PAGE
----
Big Data – Putting Digital Insights into Action

I found a blog by a Forrester Analyst  which quoted a statistic that organisations’ satisfaction with big data between 2014-15 actually decreased despite huge investments . In research they undertook Forrester started to talk about ‘digital insights’ as being the thing that organisations investing in Big Data were really interested in, and the actions inspired by new found knowledge. Interestingly, they found in their research that what differentiated leading companies from the rest was that they were able to recreate consistent action by building into their organisations whats termed “systems of insight”using people, processes and technology. The way most organisations work is that there is a one way street where it is hoped (and there is no defined process) for turning analytics insights into real, demonstrable action.

Forrester conclude that to be most effective there needs to be a closed loop where teams of people explore, test and implement the insights, and a return loop occurs when feedback comes from measurement of outcomes. In other words, the data (insight) is connected to an outcome, then feedback is obtained and fed back in a continuous loop of learning and optimisation. The hope is that if more organisations were to create systematic ways of creating action from digital feedback then feeding back the outcome, that the organisation can take advantage of process of continuous learning and gain competitive advantage.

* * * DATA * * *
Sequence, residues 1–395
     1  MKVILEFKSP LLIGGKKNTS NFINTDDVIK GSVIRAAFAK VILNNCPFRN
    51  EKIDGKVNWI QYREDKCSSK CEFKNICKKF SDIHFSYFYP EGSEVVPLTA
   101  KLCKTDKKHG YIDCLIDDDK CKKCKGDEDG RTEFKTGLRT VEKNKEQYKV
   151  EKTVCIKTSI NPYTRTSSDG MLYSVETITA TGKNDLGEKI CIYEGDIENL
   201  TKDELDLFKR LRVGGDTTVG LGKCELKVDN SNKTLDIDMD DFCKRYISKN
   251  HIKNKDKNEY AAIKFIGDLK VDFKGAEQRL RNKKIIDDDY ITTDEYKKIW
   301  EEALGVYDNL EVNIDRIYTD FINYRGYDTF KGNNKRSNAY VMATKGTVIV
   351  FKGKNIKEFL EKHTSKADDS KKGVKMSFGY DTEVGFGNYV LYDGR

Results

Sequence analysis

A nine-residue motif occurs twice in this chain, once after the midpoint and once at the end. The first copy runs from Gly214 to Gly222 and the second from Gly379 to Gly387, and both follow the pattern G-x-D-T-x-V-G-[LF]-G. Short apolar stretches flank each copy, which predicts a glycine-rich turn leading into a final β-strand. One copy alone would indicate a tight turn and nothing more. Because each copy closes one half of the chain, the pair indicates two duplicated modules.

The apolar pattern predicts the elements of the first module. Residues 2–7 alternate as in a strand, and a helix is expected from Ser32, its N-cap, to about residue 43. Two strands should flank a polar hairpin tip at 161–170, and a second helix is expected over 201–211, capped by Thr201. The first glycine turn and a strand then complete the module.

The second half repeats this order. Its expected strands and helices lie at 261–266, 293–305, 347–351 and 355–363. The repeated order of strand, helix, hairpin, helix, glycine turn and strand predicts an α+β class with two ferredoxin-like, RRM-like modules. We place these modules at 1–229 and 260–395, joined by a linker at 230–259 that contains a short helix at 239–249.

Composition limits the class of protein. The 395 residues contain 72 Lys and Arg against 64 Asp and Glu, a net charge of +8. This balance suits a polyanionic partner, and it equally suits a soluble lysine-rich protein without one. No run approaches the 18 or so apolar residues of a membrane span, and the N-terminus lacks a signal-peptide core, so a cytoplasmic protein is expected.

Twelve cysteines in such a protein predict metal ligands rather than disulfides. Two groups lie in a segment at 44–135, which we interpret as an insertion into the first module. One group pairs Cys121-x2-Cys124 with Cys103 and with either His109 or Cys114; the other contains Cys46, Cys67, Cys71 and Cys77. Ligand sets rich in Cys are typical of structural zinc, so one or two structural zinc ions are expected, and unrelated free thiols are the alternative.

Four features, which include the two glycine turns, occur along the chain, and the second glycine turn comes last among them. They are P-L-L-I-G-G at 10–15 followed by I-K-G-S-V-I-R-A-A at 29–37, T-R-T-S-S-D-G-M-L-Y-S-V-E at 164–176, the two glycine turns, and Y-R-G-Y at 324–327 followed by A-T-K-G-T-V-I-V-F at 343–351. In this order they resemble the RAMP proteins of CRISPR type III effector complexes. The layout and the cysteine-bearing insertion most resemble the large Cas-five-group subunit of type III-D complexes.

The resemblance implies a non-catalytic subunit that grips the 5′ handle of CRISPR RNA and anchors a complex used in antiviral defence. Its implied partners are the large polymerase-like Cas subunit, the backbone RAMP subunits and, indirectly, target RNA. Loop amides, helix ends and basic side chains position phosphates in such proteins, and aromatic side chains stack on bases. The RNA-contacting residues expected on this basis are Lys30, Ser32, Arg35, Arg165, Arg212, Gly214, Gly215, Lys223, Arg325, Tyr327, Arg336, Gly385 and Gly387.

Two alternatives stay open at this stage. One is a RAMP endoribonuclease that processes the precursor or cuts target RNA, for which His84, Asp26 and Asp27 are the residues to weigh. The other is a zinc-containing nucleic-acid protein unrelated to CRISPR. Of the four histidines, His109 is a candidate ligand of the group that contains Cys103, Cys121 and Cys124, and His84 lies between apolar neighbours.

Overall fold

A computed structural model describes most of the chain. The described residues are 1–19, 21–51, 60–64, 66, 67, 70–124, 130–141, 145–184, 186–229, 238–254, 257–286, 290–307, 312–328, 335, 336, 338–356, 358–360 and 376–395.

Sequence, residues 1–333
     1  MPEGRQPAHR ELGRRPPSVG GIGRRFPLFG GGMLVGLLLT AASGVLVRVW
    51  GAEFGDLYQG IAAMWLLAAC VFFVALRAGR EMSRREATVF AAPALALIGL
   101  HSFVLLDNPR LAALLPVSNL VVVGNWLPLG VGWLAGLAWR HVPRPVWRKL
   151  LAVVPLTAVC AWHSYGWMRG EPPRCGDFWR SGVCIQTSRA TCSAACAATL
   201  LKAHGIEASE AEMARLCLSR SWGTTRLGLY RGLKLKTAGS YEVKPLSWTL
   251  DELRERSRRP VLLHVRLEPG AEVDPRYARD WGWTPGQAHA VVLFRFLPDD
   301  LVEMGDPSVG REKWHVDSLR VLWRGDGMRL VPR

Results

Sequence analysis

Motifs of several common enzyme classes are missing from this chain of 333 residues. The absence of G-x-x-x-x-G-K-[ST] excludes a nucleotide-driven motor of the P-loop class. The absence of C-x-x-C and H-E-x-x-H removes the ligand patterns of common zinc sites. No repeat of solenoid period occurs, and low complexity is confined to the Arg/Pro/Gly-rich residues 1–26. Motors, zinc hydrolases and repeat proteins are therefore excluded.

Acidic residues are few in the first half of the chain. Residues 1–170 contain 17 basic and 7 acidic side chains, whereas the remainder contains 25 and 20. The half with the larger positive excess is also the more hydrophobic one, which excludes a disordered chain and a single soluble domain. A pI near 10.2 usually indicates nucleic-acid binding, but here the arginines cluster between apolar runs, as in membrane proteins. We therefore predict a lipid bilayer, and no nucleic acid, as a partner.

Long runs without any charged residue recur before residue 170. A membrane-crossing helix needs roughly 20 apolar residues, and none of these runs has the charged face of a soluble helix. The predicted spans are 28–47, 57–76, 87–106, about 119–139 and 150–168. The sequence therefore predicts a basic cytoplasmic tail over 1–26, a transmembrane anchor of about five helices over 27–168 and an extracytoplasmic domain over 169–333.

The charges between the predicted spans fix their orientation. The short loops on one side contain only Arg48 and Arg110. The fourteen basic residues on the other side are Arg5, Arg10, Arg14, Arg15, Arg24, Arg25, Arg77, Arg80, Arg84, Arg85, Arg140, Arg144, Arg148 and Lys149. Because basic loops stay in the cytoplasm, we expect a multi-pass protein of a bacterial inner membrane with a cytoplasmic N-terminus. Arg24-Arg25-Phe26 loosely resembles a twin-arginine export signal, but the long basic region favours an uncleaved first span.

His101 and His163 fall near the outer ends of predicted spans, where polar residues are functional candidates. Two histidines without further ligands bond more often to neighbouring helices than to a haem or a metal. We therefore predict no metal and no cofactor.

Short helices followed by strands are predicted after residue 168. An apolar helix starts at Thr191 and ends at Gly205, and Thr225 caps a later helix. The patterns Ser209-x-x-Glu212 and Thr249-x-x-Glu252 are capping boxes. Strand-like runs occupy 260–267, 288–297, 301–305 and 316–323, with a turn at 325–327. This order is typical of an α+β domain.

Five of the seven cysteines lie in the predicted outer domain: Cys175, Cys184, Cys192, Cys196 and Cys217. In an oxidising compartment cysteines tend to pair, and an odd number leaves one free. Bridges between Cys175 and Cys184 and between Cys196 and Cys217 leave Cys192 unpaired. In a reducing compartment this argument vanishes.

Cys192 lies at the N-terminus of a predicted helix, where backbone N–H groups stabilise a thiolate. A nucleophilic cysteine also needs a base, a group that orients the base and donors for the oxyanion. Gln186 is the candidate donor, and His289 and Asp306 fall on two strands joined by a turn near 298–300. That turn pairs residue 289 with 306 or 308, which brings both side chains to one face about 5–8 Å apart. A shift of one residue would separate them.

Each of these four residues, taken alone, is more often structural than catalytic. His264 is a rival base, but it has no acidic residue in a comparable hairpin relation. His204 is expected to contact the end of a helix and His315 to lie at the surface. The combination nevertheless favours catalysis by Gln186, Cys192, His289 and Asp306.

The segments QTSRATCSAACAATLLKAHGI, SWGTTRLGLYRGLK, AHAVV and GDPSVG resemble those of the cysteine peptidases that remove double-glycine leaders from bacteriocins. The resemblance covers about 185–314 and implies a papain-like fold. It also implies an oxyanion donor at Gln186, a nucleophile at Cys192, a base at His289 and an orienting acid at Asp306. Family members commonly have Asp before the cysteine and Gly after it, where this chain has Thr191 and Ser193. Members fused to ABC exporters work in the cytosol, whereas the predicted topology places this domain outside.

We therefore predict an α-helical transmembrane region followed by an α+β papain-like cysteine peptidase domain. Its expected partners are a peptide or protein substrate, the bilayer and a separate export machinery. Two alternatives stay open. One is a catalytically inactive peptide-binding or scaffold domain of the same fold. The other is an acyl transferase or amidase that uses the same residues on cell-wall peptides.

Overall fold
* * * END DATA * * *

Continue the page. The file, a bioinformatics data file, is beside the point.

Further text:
http://blogs.forrester.com/brian_hopkins/15-04-27-systems_of_insight_will_power_digital_business

 

 

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A modern day Oracle MIS, aka SaaS, PaaS, DaaS, IaaS or even XaaS

 

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According to Wikipedia,  “A management information system (MIS) focuses on the management of information systems to provide efficiency and effectiveness of strategic decision making. “.  Until fairly recently, enterprise MIS systems were generally “on premise” systems (or held in computers on the premises), but over the last number of years we have witnessed a period where organisations have started to transition from enterprise to cloud computing.